To buy links:

UK –
US –

Book Blurb

As the last train leaves, will life ever be the same?

Dorset 1935
Stationmaster Ted has never cared much for romance. Occupied with ensuring England’s most beautiful railway runs on time, love has always felt like a comparatively trivial matter. Yet when he meets Annie Galbraith on the 8.42 train to Lynford, he can’t help but instantly fall for her.

But soon the railway is forced to close and a terrible accident occurs within the station grounds, Ted finds his job and any hope of a relationship with Annie hanging in the balance…

Present day
Recovering from heartbreak after a disastrous marriage, Tilly decides to escape from the bustling capital and move to Dorset to stay with her dad, Ken. When Ken convinces Tilly to help with the restoration of the old railway, she discovers a diary hidden in the old ticket office. Tilly is soon swept up in Ted’s story, and the fateful accident that changed his life forever.

But an encounter with an enigmatic stranger takes Tilly by surprise, and she can’t help but feel a connection with Ted’s story in the past.

The Stationmasters Daughter Full Tour Banner

I voluntarily reviewed an arc of this book. All opinions are my own and no content may be copied. However, authors and publishers may use elements of my reviews for quotes.

I am so pleased to be involved in the blogtour celebrating and promoting the launch of Kathleen McGurl’s latest novel: The Stationmaster’s Daughter.  This is my first introduction to the work of Kathleen McGurl and it most definitely will not be my last as I adored everything about this novel.

The Stationmaster’s Daughter is such a wonderful historical timeslip story that was beautifully told.  I was swept away by the ‘here and now’ tales and when the stories collided I felt an overwhelming sense of satisfaction but also an immense sadness  of the tragedies that shaped the story.

Kathleen McGurl has written a story that takes the reader back to 1935 and the stunning, quintessential English countryside of Dorset.  An area of outstanding beauty that I feel was brought to life by the steam trains bringing visitors to and from the small villages along the coastline. Ted was the stationmaster who was proud of his position of 15 years for the rail company.  Ted was a sensitive man who enjoyed the simple pleasures in life which mainly revolved around his beloved railway and his sister and her three children that visited him often.  However, when a young lady caught Ted’s eye he soon became besotted but he was too shy to reveal his feelings.  These new flutters of the heart were to change Ted’s life irrevocably.  Ted is one of those endearing characters that you fall in love with and want to champion.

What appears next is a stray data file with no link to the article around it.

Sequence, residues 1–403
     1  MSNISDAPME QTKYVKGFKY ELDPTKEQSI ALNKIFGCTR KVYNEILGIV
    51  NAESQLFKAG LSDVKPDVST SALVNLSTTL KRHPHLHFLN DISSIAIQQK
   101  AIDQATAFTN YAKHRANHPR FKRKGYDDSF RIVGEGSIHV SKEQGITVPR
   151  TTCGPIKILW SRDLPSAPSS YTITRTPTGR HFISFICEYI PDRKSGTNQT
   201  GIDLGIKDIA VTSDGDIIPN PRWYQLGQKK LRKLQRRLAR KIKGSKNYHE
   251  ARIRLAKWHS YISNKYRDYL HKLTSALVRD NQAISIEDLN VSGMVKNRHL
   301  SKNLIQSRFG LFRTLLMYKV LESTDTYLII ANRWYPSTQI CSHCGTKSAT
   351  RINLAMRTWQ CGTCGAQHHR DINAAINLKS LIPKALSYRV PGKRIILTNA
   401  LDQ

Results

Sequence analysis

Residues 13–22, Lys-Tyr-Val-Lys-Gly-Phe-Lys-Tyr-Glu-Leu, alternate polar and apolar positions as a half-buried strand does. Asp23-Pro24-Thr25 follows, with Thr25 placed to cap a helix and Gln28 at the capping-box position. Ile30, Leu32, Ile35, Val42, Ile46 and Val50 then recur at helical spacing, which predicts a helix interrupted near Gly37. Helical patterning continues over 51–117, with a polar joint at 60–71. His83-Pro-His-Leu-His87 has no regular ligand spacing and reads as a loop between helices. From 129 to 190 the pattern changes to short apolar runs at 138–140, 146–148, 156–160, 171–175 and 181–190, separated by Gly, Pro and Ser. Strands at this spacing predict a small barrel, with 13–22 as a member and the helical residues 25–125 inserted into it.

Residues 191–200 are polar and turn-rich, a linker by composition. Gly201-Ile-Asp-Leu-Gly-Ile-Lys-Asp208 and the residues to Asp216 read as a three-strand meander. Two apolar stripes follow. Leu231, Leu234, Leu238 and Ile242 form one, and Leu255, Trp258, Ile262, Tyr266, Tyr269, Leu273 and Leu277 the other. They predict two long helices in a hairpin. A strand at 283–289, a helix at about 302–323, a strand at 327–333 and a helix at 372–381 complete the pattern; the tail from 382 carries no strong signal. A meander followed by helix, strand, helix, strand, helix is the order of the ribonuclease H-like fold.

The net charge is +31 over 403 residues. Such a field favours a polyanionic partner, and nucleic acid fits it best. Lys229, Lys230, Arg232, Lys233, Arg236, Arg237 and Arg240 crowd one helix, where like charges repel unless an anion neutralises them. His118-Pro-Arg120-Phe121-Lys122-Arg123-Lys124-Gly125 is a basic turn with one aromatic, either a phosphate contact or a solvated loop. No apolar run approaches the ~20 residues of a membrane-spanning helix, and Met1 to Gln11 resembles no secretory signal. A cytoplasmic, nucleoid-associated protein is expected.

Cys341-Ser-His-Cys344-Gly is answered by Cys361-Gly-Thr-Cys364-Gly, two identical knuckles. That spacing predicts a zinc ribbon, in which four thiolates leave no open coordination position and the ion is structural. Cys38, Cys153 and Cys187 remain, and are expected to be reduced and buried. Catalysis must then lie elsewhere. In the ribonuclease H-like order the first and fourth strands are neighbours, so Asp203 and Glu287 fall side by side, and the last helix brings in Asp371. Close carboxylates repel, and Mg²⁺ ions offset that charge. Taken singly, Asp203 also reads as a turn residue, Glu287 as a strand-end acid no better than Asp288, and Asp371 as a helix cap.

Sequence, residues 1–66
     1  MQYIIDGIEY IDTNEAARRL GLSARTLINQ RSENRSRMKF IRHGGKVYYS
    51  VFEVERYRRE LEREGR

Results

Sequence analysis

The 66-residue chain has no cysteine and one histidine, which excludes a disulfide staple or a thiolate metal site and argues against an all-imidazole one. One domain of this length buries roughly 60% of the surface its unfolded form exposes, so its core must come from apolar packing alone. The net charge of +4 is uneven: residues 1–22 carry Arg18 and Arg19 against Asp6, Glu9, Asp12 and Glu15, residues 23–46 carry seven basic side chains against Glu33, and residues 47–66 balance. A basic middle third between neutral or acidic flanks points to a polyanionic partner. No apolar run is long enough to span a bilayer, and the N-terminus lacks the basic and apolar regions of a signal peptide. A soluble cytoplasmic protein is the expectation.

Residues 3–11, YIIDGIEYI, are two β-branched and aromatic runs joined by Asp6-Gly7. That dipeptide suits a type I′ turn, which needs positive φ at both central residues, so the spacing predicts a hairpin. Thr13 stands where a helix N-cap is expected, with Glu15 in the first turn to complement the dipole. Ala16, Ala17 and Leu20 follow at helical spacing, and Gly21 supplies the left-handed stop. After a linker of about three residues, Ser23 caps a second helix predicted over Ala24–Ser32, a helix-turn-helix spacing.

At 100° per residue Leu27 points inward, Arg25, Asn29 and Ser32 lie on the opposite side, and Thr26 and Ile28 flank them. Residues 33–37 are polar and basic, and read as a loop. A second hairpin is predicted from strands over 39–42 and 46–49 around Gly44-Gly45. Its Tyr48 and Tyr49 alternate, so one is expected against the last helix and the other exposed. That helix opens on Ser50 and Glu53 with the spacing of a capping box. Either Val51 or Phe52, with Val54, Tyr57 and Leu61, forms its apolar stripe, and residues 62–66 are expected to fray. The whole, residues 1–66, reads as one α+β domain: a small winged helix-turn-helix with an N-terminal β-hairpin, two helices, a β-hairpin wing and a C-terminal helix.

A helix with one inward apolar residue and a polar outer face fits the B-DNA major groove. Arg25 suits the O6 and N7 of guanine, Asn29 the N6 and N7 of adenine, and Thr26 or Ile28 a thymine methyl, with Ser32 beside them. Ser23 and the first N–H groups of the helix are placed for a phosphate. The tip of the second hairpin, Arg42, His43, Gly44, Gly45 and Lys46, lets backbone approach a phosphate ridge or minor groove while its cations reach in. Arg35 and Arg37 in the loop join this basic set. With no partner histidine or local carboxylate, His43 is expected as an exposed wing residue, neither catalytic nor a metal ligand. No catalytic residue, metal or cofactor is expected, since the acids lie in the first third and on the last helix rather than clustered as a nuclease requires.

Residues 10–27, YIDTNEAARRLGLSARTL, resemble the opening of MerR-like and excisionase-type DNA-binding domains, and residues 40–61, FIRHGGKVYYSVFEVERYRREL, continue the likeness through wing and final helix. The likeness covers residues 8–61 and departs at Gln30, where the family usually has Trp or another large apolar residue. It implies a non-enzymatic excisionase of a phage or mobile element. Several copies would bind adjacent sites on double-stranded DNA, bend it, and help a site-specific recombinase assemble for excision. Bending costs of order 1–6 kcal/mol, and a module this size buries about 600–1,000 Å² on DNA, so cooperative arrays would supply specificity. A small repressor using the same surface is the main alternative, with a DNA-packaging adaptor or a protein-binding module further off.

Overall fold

Over eighty years later we take up of the story of Tilly who’s received many heart-breaking blows over the years but the final blow was nearly enough to take her over the edge.  Needing time to recover Tilly goes to stay with her father at his bungalow in Dorset.  Tilly’s father is now retired and has found himself enjoying being part of the railway restoration society; a group of enthusiasts bringing the old, unused and dismantled railway back to life.  Tilly’s father hopes to get Tilly involved with the restoration, specifically helping with the archives.  He’s hoping this sifting through the paperwork and photographs will give Tilly a purpose and help her not forget her worries but to move on from then.

I loved both sides of this story; the charming love blossoming for Ted and the historical mystery that Tilly was involved with.  The tragedy of the story was so heart rending and my emotions were broken for what could have been.  A poignant historical time slip novel that will totally captivate you.

About the Author 
The Stationmasters Kathleen McGurl author photoKATHLEEN MCGURL lives near the sea in Bournemouth, UK, with her husband. She has two sons who are now grown-up and have left home. She began her writing career creating short stories, and sold dozens to women’s magazines in the UK and Australia. Then she got side-tracked onto family history research – which led eventually to writing novels with genealogy themes. She has always been fascinated by the past, and the ways in which the past can influence the present, and enjoys exploring these links in her novels.